Getting Healthy, Sweet, Sweet Sunday

Monofloral Honey—The Which?!

 

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Oh my goodness!!! Before I started reading up on honey, I had no clue that there are SO, SO, SO many varieties…I thought honey was just something you picked up in a bear-shaped container found on the very top shelf at Walmart.

By the way, that top shelf at Walmart can be a very scary place for short people like me. One day I was on my tiptoes reaching up to get a can of canned salmon. That can fell on its edge into the top of my head. I got a concussion.

Anyway, back to the varieties of monofloral honey…

 

Monofloral honey, unlike multifloral or wildflower honey, must contain the nectar of one single predominant plant.

In theory, this sounds so easy…but in real life, this can be difficult to achieve because bees cannot be herded like cattle or trained like circus animals to go to a particular type of plant.

Producing relatively pure monofloral honey requires two things to happen—(1)the predominance of the target plant within a given radius from the hive…and (2)the timing of the introduction of the fresh hives when the target plants start producing nectar and the actual removal of the hives and extraction of the honey before any other plants within the area start blooming also.

Monofloral honey comes in hundreds, perhaps thousands of different varieties, each unique according the the specific flower that the nectar has been gathered from. Each variety of monofloral honey having its own unique characteristic flavor, texture, and aroma.

Anyway, I had originally planned on doing a quick synopsis of each type of honey and describing its unique flavor, texture, and aroma…a few recipes that can this particular type of honey can be used for…and a few of the best places to find this particular type of honey.

After discovering that at least 111 different varieties of monofloral honey exist, I’ve decided that this would be quite overwhelming, not to mention boring…

So instead—just like my posts on essential oils—I have decided to choose one particular honey each month to highlight.

The honey of the month for July is…

Acacia Honey

Join me on this journey…accomplished by a single step, or in this case, a single jar of honey.

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Getting Healthy, Sweet, Sweet Sunday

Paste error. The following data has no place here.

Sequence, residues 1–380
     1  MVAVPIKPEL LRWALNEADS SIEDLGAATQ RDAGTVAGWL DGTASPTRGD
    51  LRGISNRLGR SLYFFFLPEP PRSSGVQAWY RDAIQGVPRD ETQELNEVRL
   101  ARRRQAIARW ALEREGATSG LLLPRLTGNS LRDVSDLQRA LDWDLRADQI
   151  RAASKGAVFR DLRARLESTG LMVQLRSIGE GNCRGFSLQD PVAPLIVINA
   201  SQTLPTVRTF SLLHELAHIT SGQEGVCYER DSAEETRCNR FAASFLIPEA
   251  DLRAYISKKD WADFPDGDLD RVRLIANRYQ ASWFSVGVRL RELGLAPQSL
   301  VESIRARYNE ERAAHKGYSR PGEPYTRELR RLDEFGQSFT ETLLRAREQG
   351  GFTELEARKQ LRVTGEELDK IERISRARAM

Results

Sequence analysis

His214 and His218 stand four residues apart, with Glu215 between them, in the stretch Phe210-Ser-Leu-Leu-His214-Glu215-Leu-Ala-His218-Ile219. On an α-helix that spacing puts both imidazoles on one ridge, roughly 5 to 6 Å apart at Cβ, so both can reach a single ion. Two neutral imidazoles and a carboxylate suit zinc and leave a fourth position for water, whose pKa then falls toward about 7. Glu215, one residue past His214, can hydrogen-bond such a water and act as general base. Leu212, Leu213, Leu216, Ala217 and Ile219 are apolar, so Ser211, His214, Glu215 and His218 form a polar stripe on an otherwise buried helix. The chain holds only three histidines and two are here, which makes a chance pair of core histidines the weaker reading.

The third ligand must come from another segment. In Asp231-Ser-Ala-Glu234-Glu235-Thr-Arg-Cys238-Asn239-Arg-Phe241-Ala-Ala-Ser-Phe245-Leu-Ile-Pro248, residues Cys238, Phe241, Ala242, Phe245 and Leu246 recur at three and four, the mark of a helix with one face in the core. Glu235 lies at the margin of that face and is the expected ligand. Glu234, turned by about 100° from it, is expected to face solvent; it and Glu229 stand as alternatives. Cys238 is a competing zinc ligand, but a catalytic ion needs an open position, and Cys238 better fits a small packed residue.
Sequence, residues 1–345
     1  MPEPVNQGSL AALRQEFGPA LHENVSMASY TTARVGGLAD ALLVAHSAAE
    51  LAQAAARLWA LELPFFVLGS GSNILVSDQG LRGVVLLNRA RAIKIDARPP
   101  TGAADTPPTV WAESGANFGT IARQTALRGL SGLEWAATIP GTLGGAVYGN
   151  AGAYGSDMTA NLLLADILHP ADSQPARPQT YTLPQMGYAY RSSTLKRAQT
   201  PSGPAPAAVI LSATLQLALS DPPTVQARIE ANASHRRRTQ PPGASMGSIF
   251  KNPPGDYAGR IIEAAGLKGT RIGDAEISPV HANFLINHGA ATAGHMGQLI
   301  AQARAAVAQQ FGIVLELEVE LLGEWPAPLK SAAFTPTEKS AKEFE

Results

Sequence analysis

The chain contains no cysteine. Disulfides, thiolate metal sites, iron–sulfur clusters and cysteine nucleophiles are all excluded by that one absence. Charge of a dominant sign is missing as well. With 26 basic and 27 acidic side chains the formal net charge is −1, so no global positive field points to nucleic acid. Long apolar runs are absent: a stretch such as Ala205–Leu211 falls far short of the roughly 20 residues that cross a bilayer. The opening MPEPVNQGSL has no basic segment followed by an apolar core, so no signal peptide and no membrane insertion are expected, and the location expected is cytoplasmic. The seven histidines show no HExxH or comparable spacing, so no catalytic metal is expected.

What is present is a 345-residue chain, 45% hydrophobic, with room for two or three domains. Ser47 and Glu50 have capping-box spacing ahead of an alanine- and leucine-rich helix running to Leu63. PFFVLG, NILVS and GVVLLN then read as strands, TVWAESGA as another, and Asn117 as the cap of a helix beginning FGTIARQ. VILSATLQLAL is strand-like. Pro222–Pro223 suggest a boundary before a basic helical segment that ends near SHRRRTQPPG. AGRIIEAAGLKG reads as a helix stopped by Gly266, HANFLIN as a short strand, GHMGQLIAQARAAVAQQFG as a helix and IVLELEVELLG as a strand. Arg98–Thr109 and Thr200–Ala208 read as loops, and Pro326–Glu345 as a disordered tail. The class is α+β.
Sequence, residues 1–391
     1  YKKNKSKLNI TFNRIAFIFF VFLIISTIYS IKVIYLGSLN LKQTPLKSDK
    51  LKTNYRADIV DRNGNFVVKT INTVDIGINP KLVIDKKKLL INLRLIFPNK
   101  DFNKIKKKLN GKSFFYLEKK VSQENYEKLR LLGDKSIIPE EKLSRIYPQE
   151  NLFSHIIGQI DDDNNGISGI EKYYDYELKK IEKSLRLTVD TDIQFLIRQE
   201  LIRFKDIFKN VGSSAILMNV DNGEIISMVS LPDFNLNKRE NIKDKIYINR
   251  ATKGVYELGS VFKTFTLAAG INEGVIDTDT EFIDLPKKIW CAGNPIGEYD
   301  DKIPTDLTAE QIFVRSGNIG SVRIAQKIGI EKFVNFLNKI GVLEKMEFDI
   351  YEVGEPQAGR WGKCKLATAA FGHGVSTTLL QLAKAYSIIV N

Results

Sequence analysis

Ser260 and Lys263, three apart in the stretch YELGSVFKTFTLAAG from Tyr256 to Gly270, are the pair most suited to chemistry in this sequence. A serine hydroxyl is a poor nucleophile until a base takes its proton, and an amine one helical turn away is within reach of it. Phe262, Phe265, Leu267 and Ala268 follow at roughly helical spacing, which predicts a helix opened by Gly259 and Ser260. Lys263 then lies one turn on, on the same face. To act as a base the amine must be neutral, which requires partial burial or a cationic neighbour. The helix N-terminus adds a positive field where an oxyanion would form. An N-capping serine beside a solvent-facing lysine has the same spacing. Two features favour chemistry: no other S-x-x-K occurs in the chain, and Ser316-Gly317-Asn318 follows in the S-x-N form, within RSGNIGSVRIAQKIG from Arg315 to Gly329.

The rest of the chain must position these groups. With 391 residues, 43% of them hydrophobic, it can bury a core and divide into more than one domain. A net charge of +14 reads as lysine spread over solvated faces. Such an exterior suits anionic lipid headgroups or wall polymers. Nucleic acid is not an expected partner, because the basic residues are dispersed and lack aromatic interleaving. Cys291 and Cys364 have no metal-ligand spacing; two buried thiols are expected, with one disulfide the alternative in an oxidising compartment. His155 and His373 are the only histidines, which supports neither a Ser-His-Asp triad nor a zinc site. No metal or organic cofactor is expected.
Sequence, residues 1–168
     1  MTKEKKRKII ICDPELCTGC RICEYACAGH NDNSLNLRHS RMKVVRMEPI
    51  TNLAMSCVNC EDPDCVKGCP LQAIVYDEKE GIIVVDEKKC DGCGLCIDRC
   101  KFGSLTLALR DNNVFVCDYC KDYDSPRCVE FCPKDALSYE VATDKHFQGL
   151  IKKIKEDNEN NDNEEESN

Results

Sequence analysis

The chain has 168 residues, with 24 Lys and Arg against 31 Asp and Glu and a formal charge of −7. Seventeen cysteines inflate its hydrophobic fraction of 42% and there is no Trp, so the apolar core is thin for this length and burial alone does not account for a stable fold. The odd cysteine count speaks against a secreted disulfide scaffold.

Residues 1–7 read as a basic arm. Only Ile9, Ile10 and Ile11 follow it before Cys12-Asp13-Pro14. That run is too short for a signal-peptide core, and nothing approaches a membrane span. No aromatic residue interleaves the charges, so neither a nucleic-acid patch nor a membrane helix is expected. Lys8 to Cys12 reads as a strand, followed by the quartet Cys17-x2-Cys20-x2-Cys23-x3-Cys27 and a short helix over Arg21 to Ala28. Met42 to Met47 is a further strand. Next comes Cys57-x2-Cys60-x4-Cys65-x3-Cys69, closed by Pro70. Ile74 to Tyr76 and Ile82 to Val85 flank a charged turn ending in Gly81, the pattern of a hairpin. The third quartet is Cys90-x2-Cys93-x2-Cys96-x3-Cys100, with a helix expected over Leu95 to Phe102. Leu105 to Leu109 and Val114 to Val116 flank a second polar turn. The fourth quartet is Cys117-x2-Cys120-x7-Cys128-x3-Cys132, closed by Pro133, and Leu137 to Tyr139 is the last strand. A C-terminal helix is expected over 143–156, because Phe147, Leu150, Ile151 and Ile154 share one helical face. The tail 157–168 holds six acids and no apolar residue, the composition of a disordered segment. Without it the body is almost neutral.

Date Sugar—What?! Why?! How?!

The What?!

  • Another natural sugar substitute that’s popular among raw food enthusiasts.
  • Date sugar is simply made by dehydrating and finely grinding whole dates into a granular powder and requires no processing whatsoever.
  • Date sugar has a lightly sweet, caramel-like flavor and the consistency of brown sugar.

 

The Why?!

  • Even though dates contain tons of fructose by ratio to their weight…about six times more sugar and calories than most other fruits….for example, five small apples have the same amount of sugar as four dates….dates also contain many important nutrients—especially fiber and potassium.
  • As far as sugar substitutes, date sugar has the highest nutritional value.
  • Fiber…Fiber is important for slowing down the absorption of sugar to your liver and regulating insulin. Fiber also fills you up faster.
  • Potassium…Potassium is important for flushing out toxins and balancing electrolytes.

The How?!

  • Date sugar is not a good substitute for sweetening beverages because it remains grainy and does not dissolve well just placed in hot liquids, such as coffee or tea.
  • Even though date sugar doesn’t dissolve in hot liquids or baked goods, date sugar can still be a great one-to-one replacement for granulated or brown sugar in baking recipes.
  • Dates can be used as a binder for cookies and bars, turned into caramel, and also used as a sweetener for smoothies and salad dressings as long as the ingredients are blended well.
  • Date Syrup…You can also turn raw dates into a date syrup by boiling the dates and reducing the liquid until it’s the consistency of honey. This is actually a much better option than using date sugar when baking.
  • When using date syrup to replace granulated sugar in a baking recipe, be sure to use less date syrup than the amount of granulated sugar that the recipe calls for—about 2/3 cup date syrup for every one cup of sugar called for in the original recipe…as well as making sure than you reduce the amount of liquids called for in the original recipe.
  • Because dates have a low glycemic index, dates are actually a great sugar substitute for diabetics and for prediabetics who hope to keep their blood sugar in check….so, yes, adding this to my upcoming grocery list.